4 Ways Women are Combating Gender Bias in Silicon Valley

A version of this post originally appeared on The Huffington Post

I recently asked a close girlfriend of mine for an update on the fund raising process for her startup. She seemed a bit disappointed, mentioning that during her pitch to investors, many were hesitant to make eye contact with her. To make matter worse, when questions were asked, inquiries were directed towards the male engineers who accompanied her to these meetings.

Another good friend of mine who works in the finance sector decided she wanted to leave the large investment-banking firm she was with for a smaller venture capital firm. When I asked her about the interview process, she told me that one of the men who interviewed her called the next day to say that she did not get the job, yet “offered” to take her out to dinner.

Unfortunately, these scenarios are far from uncommon in Silicon Valley.

 

Gender Bias Exposed

Gender bias, particularly in Silicon Valley’s tech sector, is obvious and has evolved into an issue that has become the topic for a slew of articles lately. Here are five rather alarming statistics that caught my attention:

  • Out of 500 companies, there are only 24 women CEOs
  • Only 14.2 percent of the top five leadership positions at the companies in the S&P 500 are held by women, according to a CNNMoney analysis
  • The median earnings of information technology managers (mostly men) are 27% higher than human resources managers (mostly women), according to Bureau of Labor Statistics data
  • On average, about 30% of females held leadership positions at top ranked technology companies (according to a diversity in tech report last updated on November 24, 2015)
  • Of the 30 highest-paying jobs, including chief executive, architect and computer engineer, 26 are male-dominated, according to Labor Department data analyzed by Emily Liner, the author of the Third Way report

gender bias ss

Combating Gender Bias

As a result, many female-led organizations are taking new initiatives to combat Silicon Valley’s gender bias. Here are four examples of how female founded companies are ensuring gender equality for women:

# 1. The Expat Woman – Last week I attended a “Female Founders Pitch to Female Investors” Meetup in San Francisco, hosted by The Expat Woman. This public, co-ed Meetup included twelve female startup founders who were pitching to a group of four women investors from different venture capitalist firms located in Silicon Valley. Nyna Caputi, Founder and CEO of The Expat Woman, explained the concept behind this pitch event, mentioning how it aims to help women founders raise funding from likeminded investors. Nyna said,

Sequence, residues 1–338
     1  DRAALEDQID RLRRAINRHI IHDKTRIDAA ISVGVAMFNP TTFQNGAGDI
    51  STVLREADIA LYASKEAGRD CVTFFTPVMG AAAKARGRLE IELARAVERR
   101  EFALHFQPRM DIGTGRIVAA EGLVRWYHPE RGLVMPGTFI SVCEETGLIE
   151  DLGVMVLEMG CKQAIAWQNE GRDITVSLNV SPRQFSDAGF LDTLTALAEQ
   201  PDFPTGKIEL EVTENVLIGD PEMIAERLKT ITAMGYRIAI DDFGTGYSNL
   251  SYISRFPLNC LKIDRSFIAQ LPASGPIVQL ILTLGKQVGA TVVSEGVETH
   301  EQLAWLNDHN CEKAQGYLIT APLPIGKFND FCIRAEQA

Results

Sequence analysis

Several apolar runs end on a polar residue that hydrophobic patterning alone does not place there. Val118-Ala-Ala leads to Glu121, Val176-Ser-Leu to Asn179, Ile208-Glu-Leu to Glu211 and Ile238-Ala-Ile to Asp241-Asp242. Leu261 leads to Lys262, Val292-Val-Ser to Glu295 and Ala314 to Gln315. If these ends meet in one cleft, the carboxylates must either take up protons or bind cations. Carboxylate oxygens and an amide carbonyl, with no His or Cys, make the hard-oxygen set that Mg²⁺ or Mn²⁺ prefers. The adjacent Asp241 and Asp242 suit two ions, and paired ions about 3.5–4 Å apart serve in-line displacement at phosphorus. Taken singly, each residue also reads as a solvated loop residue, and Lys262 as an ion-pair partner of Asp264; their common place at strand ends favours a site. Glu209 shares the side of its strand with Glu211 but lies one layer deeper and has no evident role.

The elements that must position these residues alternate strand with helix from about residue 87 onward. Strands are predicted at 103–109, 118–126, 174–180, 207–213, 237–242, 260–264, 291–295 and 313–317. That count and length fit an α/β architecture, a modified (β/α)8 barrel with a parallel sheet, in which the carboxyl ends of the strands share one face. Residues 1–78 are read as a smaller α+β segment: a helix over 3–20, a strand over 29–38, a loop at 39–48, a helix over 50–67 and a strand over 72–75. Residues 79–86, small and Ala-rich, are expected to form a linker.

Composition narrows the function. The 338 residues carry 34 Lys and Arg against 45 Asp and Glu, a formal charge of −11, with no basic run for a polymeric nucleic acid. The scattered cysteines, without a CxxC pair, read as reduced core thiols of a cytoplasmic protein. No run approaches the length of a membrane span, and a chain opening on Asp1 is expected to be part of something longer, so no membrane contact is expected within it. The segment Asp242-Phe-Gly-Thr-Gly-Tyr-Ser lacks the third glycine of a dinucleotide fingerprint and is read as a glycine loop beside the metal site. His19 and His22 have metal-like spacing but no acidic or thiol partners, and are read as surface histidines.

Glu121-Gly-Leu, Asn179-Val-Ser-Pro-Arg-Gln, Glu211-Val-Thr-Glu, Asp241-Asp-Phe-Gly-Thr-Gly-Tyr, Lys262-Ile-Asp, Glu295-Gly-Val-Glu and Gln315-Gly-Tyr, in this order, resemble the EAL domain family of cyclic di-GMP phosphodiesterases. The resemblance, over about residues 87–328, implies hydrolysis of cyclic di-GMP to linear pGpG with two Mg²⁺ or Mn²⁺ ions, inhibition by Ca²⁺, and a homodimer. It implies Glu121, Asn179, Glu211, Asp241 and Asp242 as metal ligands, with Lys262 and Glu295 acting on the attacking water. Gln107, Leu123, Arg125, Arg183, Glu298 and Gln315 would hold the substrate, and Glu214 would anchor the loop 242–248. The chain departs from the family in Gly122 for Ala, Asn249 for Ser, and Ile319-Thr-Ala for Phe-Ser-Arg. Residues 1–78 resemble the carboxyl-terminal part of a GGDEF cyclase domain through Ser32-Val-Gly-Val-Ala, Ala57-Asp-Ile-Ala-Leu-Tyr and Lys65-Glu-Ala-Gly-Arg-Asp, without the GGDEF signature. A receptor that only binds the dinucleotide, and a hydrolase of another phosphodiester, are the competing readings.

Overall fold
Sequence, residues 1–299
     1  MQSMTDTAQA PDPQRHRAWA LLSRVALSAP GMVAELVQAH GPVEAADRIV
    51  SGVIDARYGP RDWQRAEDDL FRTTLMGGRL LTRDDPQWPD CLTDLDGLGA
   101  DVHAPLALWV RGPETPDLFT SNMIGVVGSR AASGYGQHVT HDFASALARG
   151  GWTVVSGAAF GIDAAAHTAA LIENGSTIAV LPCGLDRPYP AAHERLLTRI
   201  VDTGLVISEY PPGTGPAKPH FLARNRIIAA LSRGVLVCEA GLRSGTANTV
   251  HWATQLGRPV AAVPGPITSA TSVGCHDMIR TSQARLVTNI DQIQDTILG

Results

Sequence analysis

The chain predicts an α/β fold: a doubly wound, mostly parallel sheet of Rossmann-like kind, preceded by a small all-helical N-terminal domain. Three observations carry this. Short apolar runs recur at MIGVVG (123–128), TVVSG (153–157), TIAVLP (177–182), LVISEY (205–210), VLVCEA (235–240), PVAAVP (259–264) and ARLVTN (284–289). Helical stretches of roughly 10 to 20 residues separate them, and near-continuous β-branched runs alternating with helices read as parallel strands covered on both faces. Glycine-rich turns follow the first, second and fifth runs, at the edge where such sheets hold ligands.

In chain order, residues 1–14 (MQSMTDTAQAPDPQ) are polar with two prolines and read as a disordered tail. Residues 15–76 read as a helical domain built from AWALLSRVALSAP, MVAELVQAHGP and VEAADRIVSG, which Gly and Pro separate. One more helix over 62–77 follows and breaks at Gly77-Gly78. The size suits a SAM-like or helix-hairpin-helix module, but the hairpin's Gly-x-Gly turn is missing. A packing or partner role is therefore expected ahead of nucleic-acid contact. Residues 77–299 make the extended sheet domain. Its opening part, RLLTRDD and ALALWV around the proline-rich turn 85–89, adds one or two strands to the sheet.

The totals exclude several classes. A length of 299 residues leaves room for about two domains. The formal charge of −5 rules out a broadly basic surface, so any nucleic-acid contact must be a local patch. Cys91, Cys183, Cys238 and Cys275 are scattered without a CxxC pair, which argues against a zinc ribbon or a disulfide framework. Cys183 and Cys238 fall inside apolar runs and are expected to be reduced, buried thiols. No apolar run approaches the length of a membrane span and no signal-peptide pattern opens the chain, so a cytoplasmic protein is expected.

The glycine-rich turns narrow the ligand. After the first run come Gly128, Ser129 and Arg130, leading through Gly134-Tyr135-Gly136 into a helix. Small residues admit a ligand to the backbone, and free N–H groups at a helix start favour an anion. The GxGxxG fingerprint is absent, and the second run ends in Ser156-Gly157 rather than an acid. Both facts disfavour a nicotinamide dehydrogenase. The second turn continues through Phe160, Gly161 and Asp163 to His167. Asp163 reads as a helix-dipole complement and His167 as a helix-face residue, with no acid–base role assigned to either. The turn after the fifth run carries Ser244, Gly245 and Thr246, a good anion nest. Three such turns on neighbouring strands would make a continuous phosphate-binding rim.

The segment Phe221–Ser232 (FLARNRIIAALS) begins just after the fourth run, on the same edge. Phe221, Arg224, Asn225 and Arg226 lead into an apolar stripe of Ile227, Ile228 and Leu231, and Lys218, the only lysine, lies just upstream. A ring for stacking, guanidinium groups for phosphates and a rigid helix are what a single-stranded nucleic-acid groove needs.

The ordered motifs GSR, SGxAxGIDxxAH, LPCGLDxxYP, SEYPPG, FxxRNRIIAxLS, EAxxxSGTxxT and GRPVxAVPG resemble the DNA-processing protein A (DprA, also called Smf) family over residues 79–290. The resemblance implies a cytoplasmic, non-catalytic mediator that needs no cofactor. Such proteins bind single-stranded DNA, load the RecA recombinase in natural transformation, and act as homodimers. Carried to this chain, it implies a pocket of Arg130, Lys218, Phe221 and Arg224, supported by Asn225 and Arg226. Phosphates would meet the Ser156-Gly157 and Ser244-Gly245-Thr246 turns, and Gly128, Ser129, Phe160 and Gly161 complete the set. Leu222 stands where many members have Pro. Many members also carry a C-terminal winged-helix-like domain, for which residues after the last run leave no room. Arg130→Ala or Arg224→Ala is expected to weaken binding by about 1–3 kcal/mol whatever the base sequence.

“I found that at many of the SF Bay Area pitch events, women founders and investors, especially women of color, were underrepresented. Many women founders, especially the expatriate women, shared how they didn’t feel comfortable pitching at these events. Many of these women-led startups had huge potential, but were unable to expand because they couldn’t get funding. We launched The Expat Woman’s Female Founders Pitch Female Investors event in October 2015 to give women founders a chance to pitch on a level playing field. The event also creates opportunities for women angels and VCs to be part of our investor panel of judges.”

#2. The Women Startup Challenge – With only seven percent of investor money going to women-led startups, The Women Startup Challenge recently launched a national campaign to help women funded ventures. Backed by Craigslist Founder, Craig Newmark, a group of industry leaders and high-profile investors, The Women Startup Challenge will select 10 women finalists for a live pitch in San Francisco in June. Allyson Kapin, founder of Women Who Tech and the Women Startup Challenge, said in a press release,

“If we’re going to solve the toughest problems facing our communities nationally and globally, we must foster and invest in a culture of innovation from diverse perspectives. This means helping to fund startups led by diverse founders.”

#3. Blendoor – A new mobile app called “Blendoor” also aims to reduce gender bias in the tech workplace. Created by MIT and Stanford graduate Stephanie Lampkin, Blendoor lets job seekers upload their resumes, while hiding their name and photo from employers. This will ultimately circumvent unconscious bias by removing gender and ethnicity from the hiring process. Stephanie, an African-American female engineer, created Blendoor after she applied for a software engineering gig at a well-known tech firm in Silicon Valley and was told that her background wasn’t “technical” enough (even with a Stanford engineering degree and MBA from MIT). Stephanie, however, couldn’t help but wonder if being a young, African-American woman had anything to do with not getting the job.

#4. Arjuna Capital – Arjuna Capital, a Massachusetts-based investment firm, has created a new project to encourage major tech companies like eBay, Amazon, Google, etc. to achieve gender equality in the workplace. Arjuna is asking seven major tech firms to submit detailed reports that show policies and goals to reduce the gender wage gap. Apple CEO, Tim Cook, has already announced that the company has closed its internal wage gap, achieving an average of 99.6 percent equity of pay between men and women. Facebook is expected to release its report to shareholders by October. According to a recent article featured on TakePart, Natasha Lamb, Arjuna’s director of equity research and shareholder engagement mentioned,

“Silicon Valley is a man’s world,” said Lamb. “They have a gender issue. No one sets out to say, ‘We’re going to improve our margins by paying women less.’ It just happens, and without examining it fully, companies just aren’t aware.”

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